Q. Iran has kept on enriching uranium, most of it to 3.5 percent purity. But recently Iran has been enriching some uranium up to 20 percent, for the Tehran research reactor. Should the world be more worried by enrichment of 20 percent, knowing that Iran would have to enrich to above 90 percent to produce weapons-grade uranium?
From the technical point of view, there is a big difference in production of 3.5 and 20 percent enriched uranium (U-235%). Going from 3.5 percent to 20 percent enriched uranium also brings an important feature. Iran, like others, does this by recycling the 'tails' of the process, which makes the process more economical. This stage of recycling experience is of paramount importance for anyone who wants to pursue higher enrichments.
Q. Much of our focus is on Iran, but are there other nuclear trouble spots we should be worrying about? How about Syria and its program? Has it regained any ground since the Israeli air strikes destroyed its reactor site in September 2007? How about North Korea?
The Syrian case, and the limited progress made since 2007 is another challenge to the IAEA's verification authority. Without going to too much detail, it is time to consider special inspections - an option available to the Agency - to find out the facts associated with the Al Kibar/Dair Alzour site. I certainly would have preferred that the IAEA got engaged at an earlier stage, but this is the situation where we are today. So let us use the full authorities the IAEA has to make sure that all nuclear activities and materials in Syria are under IAEA safeguards.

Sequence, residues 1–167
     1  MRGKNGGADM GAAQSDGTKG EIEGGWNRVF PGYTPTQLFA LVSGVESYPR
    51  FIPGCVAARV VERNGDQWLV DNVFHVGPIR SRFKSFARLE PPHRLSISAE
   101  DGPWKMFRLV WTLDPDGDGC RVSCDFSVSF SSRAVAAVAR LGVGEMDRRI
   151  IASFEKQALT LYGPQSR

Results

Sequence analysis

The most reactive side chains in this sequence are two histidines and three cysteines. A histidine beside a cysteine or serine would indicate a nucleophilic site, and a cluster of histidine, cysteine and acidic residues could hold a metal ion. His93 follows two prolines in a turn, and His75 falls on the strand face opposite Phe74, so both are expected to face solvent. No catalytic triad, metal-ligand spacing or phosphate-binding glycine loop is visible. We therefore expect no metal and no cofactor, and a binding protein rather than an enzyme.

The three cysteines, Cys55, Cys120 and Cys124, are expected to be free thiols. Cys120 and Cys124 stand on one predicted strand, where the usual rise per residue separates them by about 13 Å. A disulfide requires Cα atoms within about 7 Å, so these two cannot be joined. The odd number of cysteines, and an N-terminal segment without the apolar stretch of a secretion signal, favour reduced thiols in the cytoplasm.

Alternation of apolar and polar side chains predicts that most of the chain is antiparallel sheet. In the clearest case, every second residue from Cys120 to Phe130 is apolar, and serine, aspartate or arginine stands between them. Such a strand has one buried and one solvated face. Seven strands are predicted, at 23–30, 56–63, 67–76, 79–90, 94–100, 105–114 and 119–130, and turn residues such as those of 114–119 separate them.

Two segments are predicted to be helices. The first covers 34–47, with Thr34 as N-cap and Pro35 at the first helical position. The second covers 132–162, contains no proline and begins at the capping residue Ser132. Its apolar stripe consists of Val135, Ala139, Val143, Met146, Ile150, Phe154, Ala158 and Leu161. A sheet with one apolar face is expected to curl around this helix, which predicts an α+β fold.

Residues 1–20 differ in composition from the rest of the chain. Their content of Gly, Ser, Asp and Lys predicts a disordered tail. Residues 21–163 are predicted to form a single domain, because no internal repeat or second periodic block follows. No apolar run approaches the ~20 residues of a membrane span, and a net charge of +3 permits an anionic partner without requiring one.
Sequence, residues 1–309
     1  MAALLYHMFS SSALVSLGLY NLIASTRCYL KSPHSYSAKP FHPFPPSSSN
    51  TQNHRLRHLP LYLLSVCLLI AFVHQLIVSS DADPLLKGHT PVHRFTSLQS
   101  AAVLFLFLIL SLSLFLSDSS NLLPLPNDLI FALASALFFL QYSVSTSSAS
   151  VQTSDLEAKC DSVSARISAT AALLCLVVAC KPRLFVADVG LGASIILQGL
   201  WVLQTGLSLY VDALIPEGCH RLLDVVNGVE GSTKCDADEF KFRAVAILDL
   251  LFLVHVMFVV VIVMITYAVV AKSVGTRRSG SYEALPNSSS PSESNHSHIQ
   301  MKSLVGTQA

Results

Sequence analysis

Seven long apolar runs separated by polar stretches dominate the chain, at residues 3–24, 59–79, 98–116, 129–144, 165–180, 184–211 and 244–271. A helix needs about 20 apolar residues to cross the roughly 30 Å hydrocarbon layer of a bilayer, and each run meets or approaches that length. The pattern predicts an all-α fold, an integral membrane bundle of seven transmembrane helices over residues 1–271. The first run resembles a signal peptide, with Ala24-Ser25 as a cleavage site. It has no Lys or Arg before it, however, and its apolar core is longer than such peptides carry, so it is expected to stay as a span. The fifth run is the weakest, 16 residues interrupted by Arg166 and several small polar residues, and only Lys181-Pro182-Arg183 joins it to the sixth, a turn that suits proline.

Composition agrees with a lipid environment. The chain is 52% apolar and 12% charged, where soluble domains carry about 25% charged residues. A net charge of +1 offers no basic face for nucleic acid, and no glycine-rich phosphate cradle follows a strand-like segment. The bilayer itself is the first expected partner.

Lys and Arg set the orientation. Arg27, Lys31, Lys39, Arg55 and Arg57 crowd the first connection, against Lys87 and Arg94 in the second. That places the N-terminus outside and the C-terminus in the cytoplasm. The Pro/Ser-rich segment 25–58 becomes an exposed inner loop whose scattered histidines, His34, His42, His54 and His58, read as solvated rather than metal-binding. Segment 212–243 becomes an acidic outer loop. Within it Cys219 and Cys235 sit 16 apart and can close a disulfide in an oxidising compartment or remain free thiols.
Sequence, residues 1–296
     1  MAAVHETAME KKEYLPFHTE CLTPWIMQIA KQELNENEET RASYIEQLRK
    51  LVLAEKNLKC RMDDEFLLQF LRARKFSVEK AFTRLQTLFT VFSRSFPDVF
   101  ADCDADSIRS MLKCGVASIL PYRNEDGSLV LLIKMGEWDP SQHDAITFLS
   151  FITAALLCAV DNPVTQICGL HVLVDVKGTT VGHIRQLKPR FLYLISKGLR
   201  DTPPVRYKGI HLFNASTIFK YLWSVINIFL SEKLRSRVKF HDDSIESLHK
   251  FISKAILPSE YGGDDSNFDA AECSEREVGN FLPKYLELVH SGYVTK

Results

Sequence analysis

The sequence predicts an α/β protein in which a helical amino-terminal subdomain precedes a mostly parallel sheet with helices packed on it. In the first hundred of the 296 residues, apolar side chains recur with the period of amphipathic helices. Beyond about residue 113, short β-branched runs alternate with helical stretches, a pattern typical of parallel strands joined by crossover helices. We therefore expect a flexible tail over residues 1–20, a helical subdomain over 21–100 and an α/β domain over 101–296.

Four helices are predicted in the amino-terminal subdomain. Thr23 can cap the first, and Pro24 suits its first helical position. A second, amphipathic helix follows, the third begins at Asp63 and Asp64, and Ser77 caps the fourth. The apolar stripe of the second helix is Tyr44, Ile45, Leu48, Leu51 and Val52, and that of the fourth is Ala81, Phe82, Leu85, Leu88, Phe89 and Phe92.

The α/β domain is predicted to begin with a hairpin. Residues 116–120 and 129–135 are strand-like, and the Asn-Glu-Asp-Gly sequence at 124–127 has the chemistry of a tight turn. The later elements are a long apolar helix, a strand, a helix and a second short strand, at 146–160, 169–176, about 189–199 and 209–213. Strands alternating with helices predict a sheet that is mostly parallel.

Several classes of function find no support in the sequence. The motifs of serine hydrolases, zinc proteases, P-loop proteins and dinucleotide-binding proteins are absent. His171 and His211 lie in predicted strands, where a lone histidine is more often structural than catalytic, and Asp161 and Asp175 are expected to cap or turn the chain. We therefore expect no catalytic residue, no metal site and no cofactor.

As for North Korea, it goes without saying that North Korea should be brought back under the international verification's regime. One lesson to take away from the safeguards cases we have before us is that detections of possible safeguards breaches or violations should be brought before the Board at an earlier rather than later date.
Q. Your wife Yvonne Yew has also joined the Belfer Center as a fellow, studying the non-aligned movement in the Future of Diplomacy Project. What prompted you both to come from Vienna to Cambridge right after you left the IAEA?
I have followed for years the important and unique work of the Belfer Center and the Kennedy School, which have very talented people and a highly motivating environment. The programs do important work and outreach in bringing about a better, safer, and more secure world. It was not easy to leave the IAEA after 27 years of service, but, at this stage, I feel that I may be able to do more by bringing those experiences to this environment. For both myself and Yvonne, we hope that our separate work here at Harvard can contribute to making that difference.